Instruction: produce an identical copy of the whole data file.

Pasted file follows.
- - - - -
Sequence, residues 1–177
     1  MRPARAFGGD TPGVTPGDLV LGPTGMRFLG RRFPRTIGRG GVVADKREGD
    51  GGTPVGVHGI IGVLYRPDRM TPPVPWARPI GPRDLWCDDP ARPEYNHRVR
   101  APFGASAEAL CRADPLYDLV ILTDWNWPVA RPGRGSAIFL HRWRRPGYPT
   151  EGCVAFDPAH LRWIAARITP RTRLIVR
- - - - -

Sequence, residues 1–177
     1  MRPARAFGGD TPGVTPGDLV LGPTGMRFLG RRFPRTIGRG GVVADKREGD
    51  GGTPVGVHGI IGVLYRPDRM TPPVPWARPI GPRDLWCDDP ARPEYNHRVR
   101  APFGASAEAL CRADPLYDLV ILTDWNWPVA RPGRGSAIFL HRWRRPGYPT
   151  EGCVAFDPAH LRWIAARITP RTRLIVR